A SPRAWLING estate sprinkled with cottages and historical remnants has been put up for sale.

Oxford University is selling Nuneham Park near Oxford after almost half a century in its care, in a "rare and exciting" opportunity that could see the 18th century site spruced up to former glory.

The 1,054 acre plot in the village of Nuneham Courtenay – complete with country mansion Nuneham House, three recently –vacated farms and registered grounds originally designed by Capability Brown - is no longer used by the university.

Richard Binning, director of farms and estates at Savills, began advertising the estate on Wednesday with a princely price tag of £22m.

He said: "It makes for something very interesting to look at and be a part of – you are really owning a part of history.

"There is a change of occupancy from the existing farmer who has been there over 50 years.

"It's an incredibly rare and exciting proposition - it comes alongside diverse income streams, investment and redevelopment potential."

The land was bought by Viscount Harcourt in 1712 and was developed by his descendants before they sold it to Oxford University in 1948, while it was in use by the RAF, and was used for studying and storage.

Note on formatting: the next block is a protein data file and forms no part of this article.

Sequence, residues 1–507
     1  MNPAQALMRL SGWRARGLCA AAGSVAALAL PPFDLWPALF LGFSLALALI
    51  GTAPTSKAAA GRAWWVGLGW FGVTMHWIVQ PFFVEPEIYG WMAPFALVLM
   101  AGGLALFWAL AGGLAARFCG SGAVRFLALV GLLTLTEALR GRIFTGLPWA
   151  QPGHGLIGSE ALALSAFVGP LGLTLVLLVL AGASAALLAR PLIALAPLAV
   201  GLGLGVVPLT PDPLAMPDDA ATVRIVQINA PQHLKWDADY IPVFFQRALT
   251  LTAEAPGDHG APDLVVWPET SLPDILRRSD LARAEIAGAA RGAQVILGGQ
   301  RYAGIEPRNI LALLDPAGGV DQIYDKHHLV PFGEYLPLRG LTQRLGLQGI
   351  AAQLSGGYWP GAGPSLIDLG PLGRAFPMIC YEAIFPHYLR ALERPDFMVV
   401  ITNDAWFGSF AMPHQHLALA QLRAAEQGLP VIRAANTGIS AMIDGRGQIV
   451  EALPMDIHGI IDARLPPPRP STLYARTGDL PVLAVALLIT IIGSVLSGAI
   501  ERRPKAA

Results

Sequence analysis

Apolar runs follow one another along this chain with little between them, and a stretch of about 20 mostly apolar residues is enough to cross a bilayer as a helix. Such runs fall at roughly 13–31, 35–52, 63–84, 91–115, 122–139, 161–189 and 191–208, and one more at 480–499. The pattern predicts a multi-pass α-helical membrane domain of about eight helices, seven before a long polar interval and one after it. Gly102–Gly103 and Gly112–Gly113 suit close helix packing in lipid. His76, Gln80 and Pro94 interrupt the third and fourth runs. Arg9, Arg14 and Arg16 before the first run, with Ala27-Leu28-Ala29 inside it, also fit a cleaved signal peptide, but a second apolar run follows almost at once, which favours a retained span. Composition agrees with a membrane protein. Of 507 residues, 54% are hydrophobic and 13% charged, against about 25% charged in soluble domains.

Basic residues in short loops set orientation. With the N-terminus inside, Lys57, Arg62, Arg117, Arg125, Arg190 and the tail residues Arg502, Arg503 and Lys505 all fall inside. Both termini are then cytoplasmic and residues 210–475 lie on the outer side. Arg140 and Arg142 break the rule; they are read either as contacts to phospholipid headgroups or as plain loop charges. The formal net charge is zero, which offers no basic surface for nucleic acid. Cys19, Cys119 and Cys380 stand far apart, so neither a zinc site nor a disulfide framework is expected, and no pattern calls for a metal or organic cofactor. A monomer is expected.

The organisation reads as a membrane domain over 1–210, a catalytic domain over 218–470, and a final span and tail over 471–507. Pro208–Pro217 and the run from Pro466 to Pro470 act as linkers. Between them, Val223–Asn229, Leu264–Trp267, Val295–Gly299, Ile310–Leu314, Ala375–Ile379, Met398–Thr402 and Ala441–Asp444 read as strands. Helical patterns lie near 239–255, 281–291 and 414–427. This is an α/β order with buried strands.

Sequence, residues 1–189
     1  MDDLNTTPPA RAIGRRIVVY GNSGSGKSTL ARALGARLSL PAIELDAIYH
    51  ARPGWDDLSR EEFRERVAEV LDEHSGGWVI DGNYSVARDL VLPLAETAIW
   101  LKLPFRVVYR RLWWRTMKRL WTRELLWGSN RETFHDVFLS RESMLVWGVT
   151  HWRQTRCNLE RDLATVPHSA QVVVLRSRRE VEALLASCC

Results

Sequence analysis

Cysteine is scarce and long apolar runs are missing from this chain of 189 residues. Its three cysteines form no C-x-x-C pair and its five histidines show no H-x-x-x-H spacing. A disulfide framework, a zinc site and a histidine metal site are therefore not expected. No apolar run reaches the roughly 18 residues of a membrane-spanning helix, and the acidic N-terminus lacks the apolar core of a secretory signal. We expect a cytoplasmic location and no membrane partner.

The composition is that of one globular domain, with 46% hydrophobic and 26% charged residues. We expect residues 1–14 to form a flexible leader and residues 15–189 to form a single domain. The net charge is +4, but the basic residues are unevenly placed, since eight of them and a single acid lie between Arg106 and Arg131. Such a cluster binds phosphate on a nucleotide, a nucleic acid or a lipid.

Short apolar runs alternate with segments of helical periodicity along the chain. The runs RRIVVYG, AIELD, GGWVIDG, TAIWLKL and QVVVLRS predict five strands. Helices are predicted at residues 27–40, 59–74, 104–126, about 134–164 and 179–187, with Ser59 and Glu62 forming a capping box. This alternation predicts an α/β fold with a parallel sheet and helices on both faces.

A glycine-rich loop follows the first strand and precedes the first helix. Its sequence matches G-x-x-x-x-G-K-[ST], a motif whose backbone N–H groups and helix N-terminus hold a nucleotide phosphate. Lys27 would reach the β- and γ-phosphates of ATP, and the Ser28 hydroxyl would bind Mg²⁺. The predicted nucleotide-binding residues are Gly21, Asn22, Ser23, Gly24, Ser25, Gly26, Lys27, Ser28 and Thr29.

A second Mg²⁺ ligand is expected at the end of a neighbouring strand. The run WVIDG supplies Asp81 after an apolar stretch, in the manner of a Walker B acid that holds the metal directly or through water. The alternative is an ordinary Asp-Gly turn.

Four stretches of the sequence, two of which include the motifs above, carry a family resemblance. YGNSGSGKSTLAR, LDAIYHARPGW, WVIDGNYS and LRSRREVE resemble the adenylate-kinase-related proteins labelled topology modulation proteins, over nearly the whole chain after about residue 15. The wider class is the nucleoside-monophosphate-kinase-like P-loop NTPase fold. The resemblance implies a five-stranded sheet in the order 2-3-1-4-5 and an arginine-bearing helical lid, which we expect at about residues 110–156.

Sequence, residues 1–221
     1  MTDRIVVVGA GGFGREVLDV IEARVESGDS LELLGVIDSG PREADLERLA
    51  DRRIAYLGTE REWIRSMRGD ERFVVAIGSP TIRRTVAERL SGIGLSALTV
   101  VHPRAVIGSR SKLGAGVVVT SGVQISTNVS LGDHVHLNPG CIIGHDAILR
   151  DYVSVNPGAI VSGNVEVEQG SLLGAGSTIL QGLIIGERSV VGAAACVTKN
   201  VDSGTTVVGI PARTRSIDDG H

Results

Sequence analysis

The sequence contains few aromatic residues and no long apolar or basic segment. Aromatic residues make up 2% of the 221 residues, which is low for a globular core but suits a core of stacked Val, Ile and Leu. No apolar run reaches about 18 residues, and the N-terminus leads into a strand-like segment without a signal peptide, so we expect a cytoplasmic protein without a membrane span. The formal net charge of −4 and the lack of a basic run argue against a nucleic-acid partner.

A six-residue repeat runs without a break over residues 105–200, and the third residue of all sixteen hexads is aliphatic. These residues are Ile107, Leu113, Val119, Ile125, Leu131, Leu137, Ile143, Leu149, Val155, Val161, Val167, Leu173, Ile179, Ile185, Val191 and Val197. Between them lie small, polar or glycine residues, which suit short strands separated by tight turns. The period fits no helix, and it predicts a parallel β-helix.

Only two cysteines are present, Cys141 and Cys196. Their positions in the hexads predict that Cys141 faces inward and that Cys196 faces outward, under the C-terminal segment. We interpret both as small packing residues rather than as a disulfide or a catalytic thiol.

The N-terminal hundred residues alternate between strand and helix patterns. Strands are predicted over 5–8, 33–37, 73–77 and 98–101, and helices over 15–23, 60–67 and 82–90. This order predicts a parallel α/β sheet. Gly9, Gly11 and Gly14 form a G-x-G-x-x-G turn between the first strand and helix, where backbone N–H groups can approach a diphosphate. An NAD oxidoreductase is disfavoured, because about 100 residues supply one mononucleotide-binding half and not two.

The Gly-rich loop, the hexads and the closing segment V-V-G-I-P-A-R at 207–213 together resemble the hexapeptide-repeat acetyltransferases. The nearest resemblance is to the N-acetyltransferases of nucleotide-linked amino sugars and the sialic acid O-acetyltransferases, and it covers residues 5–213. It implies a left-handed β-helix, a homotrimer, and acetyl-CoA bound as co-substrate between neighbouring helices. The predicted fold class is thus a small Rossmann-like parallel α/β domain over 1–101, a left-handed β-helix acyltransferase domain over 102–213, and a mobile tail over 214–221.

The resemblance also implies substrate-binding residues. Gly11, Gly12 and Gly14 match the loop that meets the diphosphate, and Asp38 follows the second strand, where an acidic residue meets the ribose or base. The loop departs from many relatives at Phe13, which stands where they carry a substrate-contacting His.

It was graced in its heyday by grandiose guests including King George III, who described it as "the most enjoyable place I know", and a newlywed Queen Victoria who hailed it as "a most lovely place".

Throwbacks to its past include the remains of a brick ice house, shrouded in thickets of woodland that lie in the park, and a cow tunnel where farmers once herded livestock.

Nuneham House, a lodge, and grounds of about 39 acres are currently being let to the Global Retreat Centre.

Mr Binning said: "The mansion house is subject to a long lease so we are not majoring on that – it's a relatively minor part of the whole picture."

He said there are 29 other rented properties dotted around the estate, from terraced cottages to the detached farmhouse on one of the agricultural plots, plus commercial areas including a metal yard and various estate buildings.

Mr Binning added: "We are obviously very keen that we carefully select the buyer and any changes will all be subject to planning permission. The tenanted properties have all been contacted."

The estate is currently owned by The Oxford Funds, an arm of the university that holds £2.9bn of charitable endowment on behalf of the central university, 22 colleges and four collegiate trusts. It will be sold as a whole or in three parts.

Harcourt Arboretum, which adjoins the site, will remain under the university's ownership.